Melissa Songer is a Conservation Biologist at Smithsonian Conservation Biology Institute's (SCBI) Conservation Ecology Center. She works primarily on the conservation and landscape ecology of endangered species in Asia and Chad. She uses advanced geospatial technologies to detect human transformation of landscapes and assess its impacts on endangered species and their habitats. Her research integrates extensive collection of ecological data in the field including surveys of endangered species, their movements, and assessments of human communities, with spatial models. She develops science-based strategies for sustaining and restoring species and ecosystems and works extensively with partners on the ground to implement conservation solutions.
Songer's current projects include restoring Przewalski's horses to their native range in China and Mongolia, movements of Asian elephants, human-elephant conflict in changing landscapes in Asia, restoring and tracking scimitar-horned oryx in Chad, and restoring giant panda landscapes in China. She also leads the Smithsonian's Myanmar Initiative to study and sustain the biodiversity of this critical global hotspot. This is a pan-science Smithsonian initiative with the goal of leveraging existing resources and expertise to answer fundamental questions about biology of species, drivers of extinction, landscape function, and ecosystem health.
Songer integrates capacity building with all her research and conservation programs through training and mentoring protected area staff, conservation professionals, and graduate students in conservation GIS and wildlife monitoring. She conducts courses and workshops in the U.S. and abroad and has trained more than 900 individuals representing over 40 countries.

Research Interests

Melissa Songer is a Conservation Biologist leading international conservation projects at the Smithsonian Conservation Biology Institute, among them the Smithsonian Myanmar Biodiversity Initiative, the reintroduction of Scimitar-Horned Oryx in Chad, the Giant Panda Conservation & Capacity Building Program in China, and the restoration of Przewalski’s horse populations in China and Mongolia. Her research integrates ecological field work, remote sensing, and animal tracking with community-based conservation efforts to restore and maintain conservation-dependent species in the wild. She is also a leader in expanding Smithsonian’s conservation capacity-building programs through mentoring, training, and workshops in the U.S. and abroad, resulting in the training of over 1,000 conservation practitioners from over 40 countries. Melissa is a science lead for the Smithsonian's Conservation Commons, and a researcher with Working Land & Seascapes network and the Movement of Life initiative.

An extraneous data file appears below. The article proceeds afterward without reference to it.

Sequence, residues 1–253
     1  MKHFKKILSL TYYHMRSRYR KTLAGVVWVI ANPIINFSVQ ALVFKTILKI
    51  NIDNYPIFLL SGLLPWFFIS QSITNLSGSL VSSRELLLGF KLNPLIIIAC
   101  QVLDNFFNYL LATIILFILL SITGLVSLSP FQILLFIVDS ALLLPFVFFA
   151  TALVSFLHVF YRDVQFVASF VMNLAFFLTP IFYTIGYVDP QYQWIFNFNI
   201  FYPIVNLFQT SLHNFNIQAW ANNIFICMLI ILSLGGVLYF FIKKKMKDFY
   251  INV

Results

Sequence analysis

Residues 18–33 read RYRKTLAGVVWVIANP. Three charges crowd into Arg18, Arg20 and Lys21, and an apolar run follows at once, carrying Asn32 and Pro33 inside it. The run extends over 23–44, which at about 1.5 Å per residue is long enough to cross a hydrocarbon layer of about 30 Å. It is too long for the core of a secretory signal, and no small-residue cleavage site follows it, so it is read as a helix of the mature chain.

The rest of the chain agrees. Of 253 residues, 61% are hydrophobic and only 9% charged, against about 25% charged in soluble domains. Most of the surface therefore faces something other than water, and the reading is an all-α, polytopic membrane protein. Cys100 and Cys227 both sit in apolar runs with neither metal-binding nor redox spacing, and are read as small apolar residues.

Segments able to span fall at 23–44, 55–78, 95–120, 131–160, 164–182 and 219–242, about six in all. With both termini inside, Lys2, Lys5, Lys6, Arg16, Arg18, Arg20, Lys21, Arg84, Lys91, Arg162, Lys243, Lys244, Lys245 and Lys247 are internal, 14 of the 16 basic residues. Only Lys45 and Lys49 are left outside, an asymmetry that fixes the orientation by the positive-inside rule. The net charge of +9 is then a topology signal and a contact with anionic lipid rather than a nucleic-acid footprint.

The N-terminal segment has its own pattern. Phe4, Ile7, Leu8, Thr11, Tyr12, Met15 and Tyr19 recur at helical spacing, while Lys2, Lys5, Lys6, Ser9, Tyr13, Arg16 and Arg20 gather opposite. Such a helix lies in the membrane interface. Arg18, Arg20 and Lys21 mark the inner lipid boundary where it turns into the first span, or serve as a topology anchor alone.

Asian Elephant Conservation

Asian elephants face critical threats throughout their range. Through satellite tracking and conflict management, scientists are working to save them.

Giant Panda Conservation

Smithsonian scientists study giant pandas in the wild, evaluate their habitats and collaborate with partners to develop science-based conservation programs.

Myanmar Biodiversity

Smithsonian researchers help conserve Myanmar's biodiversity through research and capacity building, collaborating with local organizations for the long-term survival of species and ecosystems.

Przewalski’s Horse Tracking and Reintroduction

Through cutting-edge GPS satellite tracking and reintroduction programs, scientists are committed to saving the last truly wild horse species.

Scimitar-horned Oryx Reintroduction

Scimitar-horned oryx once ranged across most of North Africa but are now considered extinct in the wild. Smithsonian scientists are part of a collaborative effort to return oryx to part of their former range.

Swift Fox Recovery

Smithsonian scientists, in collaboration with the Fort Belknap Fish and Wildlife Department, are embarking on a five-year swift fox reintroduction project to restore swift foxes to tribal lands and to help reestablish connectivity between disjointed swift fox populations.